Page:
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How to Say “No” with Confidence & Peace

“No” can be one of the most challenging words for a people pleaser to utter. In fact, for those of us who are wired to avoid conflict, it can be excruciating to deny a request or “let someone down”—even if it means abandoning ourselves. Although it may feel difficult or wrong not to grant someone’s request, being truly honest about who you are, what you want and how you feel is actually an act of love and respect for another person.

You can tell when you are with someone who shows up as their true self—there is a playful, relaxed and loving energy that attracts and draws others. You know they say what they mean and mean what they say.  You don’t have to worry about hidden agendas. If they are with you, you know it’s because that’s where they want to be. This kind of person is a gift to the world.

Learning to say no without angst just takes a little bit of courage and a lot of practice. Here are some tips:

Give Yourself a Minute

The first key in learning to say no is to stop automatically saying yes.  Pause and take a breath before responding to someone’s request.  Give yourself time if you need it by saying, “I need to think about it first – I’ll get back to you,” or, “Let me check my schedule and call you back.”

No is such a simple word but it can stick in your throat when you’re not used to uttering it.  When you’ve decided to say “No” to someone, whether it’s your latest connection, your neighbor asking for an inconvenient favor or the sweet little Girl Scout selling cookies at your door, it’s best to come right out with it rather than dragging it out.

Here are some ways to turn someone down with grace:

  • I’ll have to decline but thanks for asking
  • Thanks for thinking of me but I’m not going to participate this time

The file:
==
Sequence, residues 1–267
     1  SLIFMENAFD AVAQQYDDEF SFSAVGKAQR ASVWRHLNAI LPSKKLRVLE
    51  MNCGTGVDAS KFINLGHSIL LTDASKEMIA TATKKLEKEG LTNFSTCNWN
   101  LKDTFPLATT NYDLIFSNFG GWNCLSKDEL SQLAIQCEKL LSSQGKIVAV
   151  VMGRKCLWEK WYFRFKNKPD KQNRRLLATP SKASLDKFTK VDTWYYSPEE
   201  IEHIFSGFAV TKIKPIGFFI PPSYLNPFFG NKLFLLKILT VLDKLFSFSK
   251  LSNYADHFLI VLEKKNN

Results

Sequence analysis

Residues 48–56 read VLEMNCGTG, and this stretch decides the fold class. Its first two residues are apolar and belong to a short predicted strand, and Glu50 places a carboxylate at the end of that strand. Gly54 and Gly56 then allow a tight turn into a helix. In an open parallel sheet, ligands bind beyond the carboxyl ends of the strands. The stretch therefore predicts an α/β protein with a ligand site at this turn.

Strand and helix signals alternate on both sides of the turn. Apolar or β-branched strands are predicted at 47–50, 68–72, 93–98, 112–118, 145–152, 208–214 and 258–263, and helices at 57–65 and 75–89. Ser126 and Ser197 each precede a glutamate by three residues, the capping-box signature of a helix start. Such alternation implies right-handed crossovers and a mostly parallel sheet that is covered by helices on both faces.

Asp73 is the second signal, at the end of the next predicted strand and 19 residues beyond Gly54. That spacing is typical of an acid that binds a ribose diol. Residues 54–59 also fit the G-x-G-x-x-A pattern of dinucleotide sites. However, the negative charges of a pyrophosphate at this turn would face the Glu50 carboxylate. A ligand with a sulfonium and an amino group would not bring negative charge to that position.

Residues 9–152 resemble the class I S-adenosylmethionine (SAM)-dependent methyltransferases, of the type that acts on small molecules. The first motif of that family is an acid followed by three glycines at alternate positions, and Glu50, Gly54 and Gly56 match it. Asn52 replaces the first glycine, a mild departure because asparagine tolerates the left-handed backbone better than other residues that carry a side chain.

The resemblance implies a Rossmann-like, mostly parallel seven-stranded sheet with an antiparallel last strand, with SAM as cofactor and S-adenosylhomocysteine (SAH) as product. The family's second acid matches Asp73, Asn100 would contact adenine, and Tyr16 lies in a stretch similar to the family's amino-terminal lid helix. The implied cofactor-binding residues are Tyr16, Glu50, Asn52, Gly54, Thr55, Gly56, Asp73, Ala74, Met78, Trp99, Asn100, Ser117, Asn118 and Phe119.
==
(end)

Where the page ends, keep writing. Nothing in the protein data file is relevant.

• I can’t make it, but I hope you enjoy it
  • That won’t work for me
  • Right now is not a good time for me to do that
  • It was great meeting you, but we’re just not a good fit
  • This doesn’t match up with my goals
  • I’ve decided not to do this
  • No thank you, I don’t need any of that
  • Let’s agree to disagree
  • Maybe next time
  • The timing doesn’t work for me
  • Thanks, but I’m not interested in doing that, going there, buying that, etc.

Important Note: You Don’t Have to Explain Yourself With a kind smile, use one of the phrases above and then stop talking! No matter how tempting it is, do not attempt to soften the blow of “no” with excuses, justifications or explanations. Your reasons are your own and that’s all that matters. Besides, cutting right to the bottom line is the kindest most respectful action you can take when bowing out.

A Work in Progress

You may be saying “no” for the first time to people you’ve always said “yes” to in the past. It could take a while for them to adjust, but they will adjust over time if you stick to it. Remember the lesson from the last post in this series, you are NOT responsible for how others react to or feel about you declining something.

There might be some in your circle of family and friends who are invested in you being their reliable door mat and yes person. If so, these people may become more distant, or drift out of your life, as you become better at being true to yourself. That’s OK. You’ll attract, or become closer to, others who appreciate relationships built on honesty and a balance of give and take.

Regardless of whether you’ve had a pleaser pattern up to this point, it’s never too late to set your intention to be true to yourself and show up authentically.  Mastering a pleaser pattern, or any pattern for that matter, is an ongoing, conscious and intentional practice. Fortunately, our lives provide almost constant opportunities to advocate for ourselves and, while we might sometimes fail, we often meet the challenge.

The goal is to be loving and gentle with yourself as you work to increase the percentage of times that you stand in your courage, integrity and truth.

I hope my four-part series on Ending the Tyranny of People Pleasing was helpful! In case you missed them, below are links to Parts 1, 2 and 3:

Part 1: The Practice of Being True to Yourself and People Pleaser Pop Quiz

Part 2: Get Back in Touch with What YOU Want

Part 3: Giving Up Over-Responsibility for the Feelings of Others

Deb Purdy, is a transformation coach, speaker, workshop leader and author of
Something Gained: 7 Shifts to Be Stronger, Smarter and Happier After Divorce.

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